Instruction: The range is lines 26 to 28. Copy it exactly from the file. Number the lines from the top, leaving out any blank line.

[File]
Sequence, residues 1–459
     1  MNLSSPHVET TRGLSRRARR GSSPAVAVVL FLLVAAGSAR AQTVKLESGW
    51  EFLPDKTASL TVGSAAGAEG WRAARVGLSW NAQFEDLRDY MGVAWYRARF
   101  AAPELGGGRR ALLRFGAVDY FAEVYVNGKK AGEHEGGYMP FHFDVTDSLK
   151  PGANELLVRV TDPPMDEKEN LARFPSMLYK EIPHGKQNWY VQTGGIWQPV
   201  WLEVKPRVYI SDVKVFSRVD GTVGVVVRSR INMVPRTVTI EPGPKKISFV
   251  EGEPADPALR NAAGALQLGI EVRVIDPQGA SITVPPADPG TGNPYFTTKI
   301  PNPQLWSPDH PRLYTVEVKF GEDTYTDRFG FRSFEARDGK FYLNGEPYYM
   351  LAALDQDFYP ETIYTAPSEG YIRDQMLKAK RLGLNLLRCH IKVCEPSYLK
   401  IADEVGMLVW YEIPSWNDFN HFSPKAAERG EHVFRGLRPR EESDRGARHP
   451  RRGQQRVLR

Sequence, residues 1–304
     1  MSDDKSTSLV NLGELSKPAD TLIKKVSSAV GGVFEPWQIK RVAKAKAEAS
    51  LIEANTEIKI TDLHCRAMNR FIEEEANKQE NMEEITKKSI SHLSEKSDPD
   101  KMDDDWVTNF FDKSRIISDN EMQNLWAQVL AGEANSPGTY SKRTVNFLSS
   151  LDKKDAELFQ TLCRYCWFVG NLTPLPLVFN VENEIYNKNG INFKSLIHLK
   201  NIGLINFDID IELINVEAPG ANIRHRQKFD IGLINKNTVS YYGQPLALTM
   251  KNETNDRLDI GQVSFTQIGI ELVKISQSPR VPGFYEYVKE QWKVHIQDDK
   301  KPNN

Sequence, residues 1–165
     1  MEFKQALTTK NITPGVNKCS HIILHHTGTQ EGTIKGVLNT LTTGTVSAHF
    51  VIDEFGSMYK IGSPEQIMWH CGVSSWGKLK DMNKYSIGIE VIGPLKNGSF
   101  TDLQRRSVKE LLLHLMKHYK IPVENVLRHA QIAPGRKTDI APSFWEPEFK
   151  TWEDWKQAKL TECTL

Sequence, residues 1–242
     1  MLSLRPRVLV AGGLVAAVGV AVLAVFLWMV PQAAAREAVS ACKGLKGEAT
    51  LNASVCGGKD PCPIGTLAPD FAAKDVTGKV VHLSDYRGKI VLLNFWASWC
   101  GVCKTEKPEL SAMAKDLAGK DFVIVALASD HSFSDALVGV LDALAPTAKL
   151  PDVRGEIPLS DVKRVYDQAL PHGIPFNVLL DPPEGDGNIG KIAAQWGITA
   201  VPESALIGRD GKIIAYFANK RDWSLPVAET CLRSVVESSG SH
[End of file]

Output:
     1  MLSLRPRVLV AGGLVAAVGV AVLAVFLWMV PQAAAREAVS ACKGLKGEAT
    51  LNASVCGGKD PCPIGTLAPD FAAKDVTGKV VHLSDYRGKI VLLNFWASWC
   101  GVCKTEKPEL SAMAKDLAGK DFVIVALASD HSFSDALVGV LDALAPTAKL